We analyzed demographic data of a long-lived high mountain Mediterranean plant, Silene ciliata Poirret, over a 4-yr period. Selected populations were located at contrasting altitudes at the southernmost margin of the species (Sierra de Guadarrama, central Spain), representing a local altitudinal range at the rear edge of its overall distribution. Previous studies have suggested that differences in the reproduction and performance of individuals at upper and lower populations may have implications for population dynamics. We used matrix analysis to assess their demographic behaviour. Life Table Response Experiments were used to identify the life history stages most relevant to observed differences in population growth rates between populations.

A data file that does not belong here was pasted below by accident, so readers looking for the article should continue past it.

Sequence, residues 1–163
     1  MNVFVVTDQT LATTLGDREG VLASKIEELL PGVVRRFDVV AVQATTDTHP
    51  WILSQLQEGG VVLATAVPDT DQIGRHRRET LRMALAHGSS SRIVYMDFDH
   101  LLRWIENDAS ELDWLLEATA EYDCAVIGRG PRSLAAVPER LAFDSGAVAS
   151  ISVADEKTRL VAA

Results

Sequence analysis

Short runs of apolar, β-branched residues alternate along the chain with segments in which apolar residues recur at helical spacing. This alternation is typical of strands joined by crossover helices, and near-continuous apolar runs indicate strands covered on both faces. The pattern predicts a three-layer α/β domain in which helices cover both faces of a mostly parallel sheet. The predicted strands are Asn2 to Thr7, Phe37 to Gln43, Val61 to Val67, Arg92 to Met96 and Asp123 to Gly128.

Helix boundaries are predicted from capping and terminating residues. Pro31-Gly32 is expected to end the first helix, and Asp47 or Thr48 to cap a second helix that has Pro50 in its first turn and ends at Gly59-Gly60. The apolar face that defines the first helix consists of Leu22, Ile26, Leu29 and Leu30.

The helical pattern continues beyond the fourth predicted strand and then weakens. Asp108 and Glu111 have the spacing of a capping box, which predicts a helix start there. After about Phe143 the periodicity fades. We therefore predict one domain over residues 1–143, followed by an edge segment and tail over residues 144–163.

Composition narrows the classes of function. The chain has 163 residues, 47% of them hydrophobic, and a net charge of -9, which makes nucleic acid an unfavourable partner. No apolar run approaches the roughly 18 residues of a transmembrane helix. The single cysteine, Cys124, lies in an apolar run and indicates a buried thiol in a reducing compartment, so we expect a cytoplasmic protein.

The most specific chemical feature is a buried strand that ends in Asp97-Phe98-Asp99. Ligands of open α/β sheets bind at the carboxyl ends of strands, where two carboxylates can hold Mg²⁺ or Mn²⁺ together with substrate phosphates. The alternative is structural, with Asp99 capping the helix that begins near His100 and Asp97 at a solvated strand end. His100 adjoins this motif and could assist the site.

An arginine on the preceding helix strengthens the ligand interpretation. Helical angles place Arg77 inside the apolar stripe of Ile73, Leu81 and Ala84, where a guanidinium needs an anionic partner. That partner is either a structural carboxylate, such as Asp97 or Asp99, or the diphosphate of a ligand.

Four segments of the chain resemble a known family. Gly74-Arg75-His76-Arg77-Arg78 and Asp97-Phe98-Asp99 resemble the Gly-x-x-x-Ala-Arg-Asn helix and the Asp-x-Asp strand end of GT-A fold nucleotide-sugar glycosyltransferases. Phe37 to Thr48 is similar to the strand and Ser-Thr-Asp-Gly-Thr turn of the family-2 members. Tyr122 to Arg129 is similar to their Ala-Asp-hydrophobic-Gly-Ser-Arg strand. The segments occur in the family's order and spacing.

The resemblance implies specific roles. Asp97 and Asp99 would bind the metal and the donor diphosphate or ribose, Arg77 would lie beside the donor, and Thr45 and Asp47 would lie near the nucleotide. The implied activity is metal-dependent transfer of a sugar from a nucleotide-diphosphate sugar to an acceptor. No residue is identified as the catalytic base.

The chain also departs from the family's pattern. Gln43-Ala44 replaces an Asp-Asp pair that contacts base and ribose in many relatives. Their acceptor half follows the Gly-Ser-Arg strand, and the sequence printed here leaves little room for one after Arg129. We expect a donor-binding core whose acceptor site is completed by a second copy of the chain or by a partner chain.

Transition matrices revealed great spatio-temporal variability in demographic traits. Seedling recruitment was very low each year in all populations. Maximum longevity of S. ciliata individuals in the lower peripheral population was much lower compared to the central population, probably due to higher adult mortality. Population growth rate (λ) showed a declining trend at the lowest altitude and a relatively stable trend at the central population. Long-term simulations also indicated a great risk of quasi-extinction at the lowest population. Our results suggest that rear edge populations of S. ciliata at Sierra de Guadarrama are suffering demographic processes that may be leading to the latitudinal displacement of the species' range.